Scaling up. When is it time to grow your solo business?

- March 12, 2015 5 MIN READ

If you’re a soloist wondering “when is the right time to get some help, where do I find the right person, and how do I afford them?” then you’re going to love the story of Sarah and Jo.

Today, it’s likely you know Sarah Wilson as a New York Times bestselling author, blogger, entrepreneur and activist who has helped 600,000 people kick their addiction to sugar.

Just over four years ago however, Sarah was a typical soloist.

Between presenting jobs (she was just about to start filming on Foxtel’s ‘Eat Yourself Sexy’), Sarah was freelancing, managing her eponymous blog – and struggling to deal with the overwhelm typical of those trying to do it all themselves. Dealing with the avalanche of emails and opportunities in her inbox, sorting tech issues on her website, researching her blog posts and Sunday Life columns, and preparing for her Foxtel role around the demands of ongoing health issues (she has Hashimoto’s disease), became too much.

Scaling up meant it was time to get some help.

Sarah had briefly trialled an overseas-based VA as part of the life experiments she was doing for Sunday Life and found them helpful in assisting with the tech issues on her blog. But she knew she needed someone who was also Sydney-based if she was going to get the most out of an assistant.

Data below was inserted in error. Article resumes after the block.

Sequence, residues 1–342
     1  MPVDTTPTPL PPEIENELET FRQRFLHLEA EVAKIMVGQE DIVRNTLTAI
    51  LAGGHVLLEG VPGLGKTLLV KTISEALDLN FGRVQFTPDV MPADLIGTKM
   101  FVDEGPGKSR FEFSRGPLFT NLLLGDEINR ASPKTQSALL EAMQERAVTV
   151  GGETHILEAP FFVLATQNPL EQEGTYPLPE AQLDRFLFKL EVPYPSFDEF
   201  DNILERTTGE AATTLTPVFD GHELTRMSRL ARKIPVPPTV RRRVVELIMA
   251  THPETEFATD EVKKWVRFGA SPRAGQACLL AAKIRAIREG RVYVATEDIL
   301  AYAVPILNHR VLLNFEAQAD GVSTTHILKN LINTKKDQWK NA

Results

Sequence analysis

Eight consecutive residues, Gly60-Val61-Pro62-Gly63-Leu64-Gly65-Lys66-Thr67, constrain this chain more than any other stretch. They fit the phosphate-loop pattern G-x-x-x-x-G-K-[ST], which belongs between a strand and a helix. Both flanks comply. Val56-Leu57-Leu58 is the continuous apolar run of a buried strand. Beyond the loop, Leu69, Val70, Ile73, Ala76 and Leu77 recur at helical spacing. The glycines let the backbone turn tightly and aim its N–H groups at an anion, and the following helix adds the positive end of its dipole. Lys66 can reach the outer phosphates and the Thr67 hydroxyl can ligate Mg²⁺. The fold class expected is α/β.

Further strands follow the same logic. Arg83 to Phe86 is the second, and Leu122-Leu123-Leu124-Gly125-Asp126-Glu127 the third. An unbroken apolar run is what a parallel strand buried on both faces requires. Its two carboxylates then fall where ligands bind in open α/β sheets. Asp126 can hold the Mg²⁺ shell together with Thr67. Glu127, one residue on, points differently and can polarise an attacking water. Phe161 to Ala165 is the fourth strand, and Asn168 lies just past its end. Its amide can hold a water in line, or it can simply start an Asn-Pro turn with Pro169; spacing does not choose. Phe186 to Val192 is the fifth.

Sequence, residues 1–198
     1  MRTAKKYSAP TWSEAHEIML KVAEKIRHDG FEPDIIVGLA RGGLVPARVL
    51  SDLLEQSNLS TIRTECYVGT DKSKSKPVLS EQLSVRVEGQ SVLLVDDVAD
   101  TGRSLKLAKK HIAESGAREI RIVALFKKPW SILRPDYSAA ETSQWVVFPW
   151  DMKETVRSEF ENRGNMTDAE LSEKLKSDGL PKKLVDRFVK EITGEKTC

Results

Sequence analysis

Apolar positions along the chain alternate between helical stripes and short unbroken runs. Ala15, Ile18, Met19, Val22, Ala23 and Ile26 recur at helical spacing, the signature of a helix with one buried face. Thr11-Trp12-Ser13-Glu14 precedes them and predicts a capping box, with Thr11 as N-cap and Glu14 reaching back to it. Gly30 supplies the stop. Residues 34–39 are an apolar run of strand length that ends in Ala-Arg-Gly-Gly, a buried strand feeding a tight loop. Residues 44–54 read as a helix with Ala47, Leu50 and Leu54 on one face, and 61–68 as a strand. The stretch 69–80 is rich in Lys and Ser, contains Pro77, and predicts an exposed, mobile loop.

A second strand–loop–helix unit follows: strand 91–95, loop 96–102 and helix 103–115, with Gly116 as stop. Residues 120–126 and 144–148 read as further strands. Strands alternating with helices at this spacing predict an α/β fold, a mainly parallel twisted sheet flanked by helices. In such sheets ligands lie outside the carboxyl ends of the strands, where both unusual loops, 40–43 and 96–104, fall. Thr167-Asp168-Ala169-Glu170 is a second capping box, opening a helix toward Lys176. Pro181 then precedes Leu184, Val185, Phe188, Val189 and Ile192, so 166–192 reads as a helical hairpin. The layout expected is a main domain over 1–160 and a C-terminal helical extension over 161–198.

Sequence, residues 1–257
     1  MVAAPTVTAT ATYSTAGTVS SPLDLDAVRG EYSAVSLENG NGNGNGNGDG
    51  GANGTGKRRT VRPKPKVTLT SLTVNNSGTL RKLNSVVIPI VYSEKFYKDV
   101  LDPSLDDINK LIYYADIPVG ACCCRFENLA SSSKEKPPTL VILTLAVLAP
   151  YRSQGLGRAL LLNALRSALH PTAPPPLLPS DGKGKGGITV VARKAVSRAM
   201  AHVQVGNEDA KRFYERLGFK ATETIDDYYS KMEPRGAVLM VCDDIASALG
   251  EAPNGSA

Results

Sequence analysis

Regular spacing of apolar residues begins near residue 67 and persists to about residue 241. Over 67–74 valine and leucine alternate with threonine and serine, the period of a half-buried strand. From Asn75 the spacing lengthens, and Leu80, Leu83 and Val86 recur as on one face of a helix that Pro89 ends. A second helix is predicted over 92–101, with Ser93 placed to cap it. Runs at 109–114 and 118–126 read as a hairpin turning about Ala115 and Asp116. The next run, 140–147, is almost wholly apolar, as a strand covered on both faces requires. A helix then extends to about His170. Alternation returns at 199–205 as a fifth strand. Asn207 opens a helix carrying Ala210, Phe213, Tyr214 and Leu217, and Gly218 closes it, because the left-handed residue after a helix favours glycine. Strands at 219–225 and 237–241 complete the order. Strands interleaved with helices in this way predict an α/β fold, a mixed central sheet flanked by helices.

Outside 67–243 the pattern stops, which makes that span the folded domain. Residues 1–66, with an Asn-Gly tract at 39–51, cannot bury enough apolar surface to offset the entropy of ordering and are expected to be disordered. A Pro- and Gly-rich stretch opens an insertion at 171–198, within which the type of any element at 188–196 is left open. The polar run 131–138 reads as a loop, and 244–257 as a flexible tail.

So she put the call out to her community (a method she has used since to grow her team to what it is today.)

Help wanted: multi-media/writing assistant (paid position; two days a week)

My little business of one is expanding! Want to join my fun?

I’m looking for a super enthusiastic person to work directly with me, assisting me with the technical side of my blog and online offerings, as well as performing PA duties (coordinating schedules and my TV commitments, some research and banal things like going to the post office). So, it’s a bit of a girl/boy Friday position. The role could also include writing work (with bonus mentoring!), depending on the candidate.

Unsurprisingly, Sarah was swamped. She ended up short-listing 10 candidates but as soon as she met one Jo Foster, she knew her search was over.

“I was simply looking for someone smart and fired up and Jo was all of that and more from the moment I met her. I’m very indecisive with these things at times, but when a ‘right person’ comes along I’m hit with overwhelming certainty.”

What was it specifically about Jo that caught Sarah’s eye?